At the end of a remarkable week for English law and freedom of expression, one is rather left with a puzzle.
Why are the English courts heroic and liberal when prising information - arguably of the most sensitive kind - from the government, when the same courts are so complacent and illiberal when preventing publication of information belonging to corporate entities?
Here I am thinking of the sheer legal brilliance of the judgment in the Binyam Mohamed case, where the judges - with great intellectual skill - demolish the submissions of the British government on the disclosure of US intelligence information; and I contrast this with what lawyer Mark Stephens rightly describes as the practice of English courts easily letting super-injunctions go through on the nod.
(Hear Mark Stephens on this podcast with fellow - and very highly recommended -legal blogger Charon QC.)
And so we have the remarkable situation where an English court will throw its weight against the publication in England of corporate information already in the public domain (albeit Wikileaks), and simultaneously in favour of disclosure of undoubtedly secret information known only to very few.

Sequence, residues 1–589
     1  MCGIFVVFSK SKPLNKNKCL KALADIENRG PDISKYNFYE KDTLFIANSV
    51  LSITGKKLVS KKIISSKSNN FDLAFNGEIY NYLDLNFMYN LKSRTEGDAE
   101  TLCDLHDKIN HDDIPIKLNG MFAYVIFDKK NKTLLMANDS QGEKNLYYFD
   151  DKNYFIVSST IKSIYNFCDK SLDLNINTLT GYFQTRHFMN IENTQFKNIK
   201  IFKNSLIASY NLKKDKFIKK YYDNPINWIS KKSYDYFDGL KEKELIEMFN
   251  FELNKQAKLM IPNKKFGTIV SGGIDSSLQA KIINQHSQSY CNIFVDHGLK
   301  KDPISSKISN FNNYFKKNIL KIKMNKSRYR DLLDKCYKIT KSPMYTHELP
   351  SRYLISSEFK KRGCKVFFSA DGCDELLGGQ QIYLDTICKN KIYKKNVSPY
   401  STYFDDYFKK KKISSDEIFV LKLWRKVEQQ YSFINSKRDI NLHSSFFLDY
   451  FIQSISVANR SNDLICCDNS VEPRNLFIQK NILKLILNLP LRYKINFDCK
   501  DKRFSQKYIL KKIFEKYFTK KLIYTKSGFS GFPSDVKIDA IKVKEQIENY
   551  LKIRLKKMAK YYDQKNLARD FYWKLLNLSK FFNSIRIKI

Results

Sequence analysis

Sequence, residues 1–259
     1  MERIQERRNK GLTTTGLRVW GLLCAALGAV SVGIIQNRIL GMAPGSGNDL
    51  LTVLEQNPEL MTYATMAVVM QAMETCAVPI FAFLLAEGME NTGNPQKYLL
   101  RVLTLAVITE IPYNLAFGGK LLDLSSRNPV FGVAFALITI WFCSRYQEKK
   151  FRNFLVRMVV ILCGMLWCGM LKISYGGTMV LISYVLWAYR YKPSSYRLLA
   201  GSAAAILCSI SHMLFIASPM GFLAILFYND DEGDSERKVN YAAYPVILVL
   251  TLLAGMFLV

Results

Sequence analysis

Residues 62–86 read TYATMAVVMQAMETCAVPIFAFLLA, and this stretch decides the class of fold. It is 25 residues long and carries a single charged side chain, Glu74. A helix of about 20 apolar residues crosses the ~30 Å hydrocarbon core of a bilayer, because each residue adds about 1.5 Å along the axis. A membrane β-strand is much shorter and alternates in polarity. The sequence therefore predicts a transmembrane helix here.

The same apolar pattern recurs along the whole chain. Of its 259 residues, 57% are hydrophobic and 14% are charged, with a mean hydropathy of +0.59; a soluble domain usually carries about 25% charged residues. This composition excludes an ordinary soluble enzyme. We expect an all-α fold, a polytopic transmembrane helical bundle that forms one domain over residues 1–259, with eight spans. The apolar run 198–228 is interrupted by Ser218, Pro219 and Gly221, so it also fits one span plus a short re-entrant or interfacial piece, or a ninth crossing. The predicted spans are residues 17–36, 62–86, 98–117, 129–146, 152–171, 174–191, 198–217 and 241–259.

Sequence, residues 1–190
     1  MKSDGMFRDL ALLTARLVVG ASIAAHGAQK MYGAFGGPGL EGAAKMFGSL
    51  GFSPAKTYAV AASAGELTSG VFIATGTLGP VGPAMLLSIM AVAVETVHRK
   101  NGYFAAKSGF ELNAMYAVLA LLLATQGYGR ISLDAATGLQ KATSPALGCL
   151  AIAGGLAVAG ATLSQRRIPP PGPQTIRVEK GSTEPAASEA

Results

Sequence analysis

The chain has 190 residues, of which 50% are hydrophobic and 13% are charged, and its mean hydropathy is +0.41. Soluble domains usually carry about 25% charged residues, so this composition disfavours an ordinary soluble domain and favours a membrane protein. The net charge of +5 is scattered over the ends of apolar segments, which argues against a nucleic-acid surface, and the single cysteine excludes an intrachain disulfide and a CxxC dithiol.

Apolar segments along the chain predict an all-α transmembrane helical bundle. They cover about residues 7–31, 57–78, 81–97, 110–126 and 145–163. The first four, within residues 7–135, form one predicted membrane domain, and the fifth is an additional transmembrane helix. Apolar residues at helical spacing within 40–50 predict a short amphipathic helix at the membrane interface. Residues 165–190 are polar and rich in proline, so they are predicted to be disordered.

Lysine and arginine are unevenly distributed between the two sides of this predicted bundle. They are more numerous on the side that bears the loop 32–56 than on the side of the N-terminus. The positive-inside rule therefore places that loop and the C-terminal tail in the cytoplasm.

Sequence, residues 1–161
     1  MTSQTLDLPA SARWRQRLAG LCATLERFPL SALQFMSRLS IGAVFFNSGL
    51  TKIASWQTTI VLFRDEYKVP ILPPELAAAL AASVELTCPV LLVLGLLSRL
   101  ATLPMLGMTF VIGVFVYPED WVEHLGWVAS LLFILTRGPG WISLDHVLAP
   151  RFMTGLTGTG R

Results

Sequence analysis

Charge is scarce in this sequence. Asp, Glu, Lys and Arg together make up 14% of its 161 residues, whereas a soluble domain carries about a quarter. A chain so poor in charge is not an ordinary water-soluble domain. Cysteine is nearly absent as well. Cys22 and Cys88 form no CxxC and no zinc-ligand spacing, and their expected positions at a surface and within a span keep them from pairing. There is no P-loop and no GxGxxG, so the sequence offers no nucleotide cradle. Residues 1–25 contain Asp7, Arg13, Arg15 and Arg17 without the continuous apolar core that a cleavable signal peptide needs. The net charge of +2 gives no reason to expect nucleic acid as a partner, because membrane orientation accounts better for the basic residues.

Had the Minton Report been provided to the UK government in strict confidence by the US government, it would appear that the English courts would this week have allowed its disclosure; but not if it was private information of a company to be published by The Guardian claiming the public interest, even when it was actually available to the world.
There are many reasons for this paradox, some of which come down to technical points as to the types of law and procedure involved; but the one which comes first to my mind is that the English courts are not (yet) in the habit of placing sufficient and consistent emphasis on the right to free expression.
And on this point, please kindly click over to the The Guardian website to see my first article for that great liberal institution, where I discuss the issue of free expression and English courts in the context of libel reform.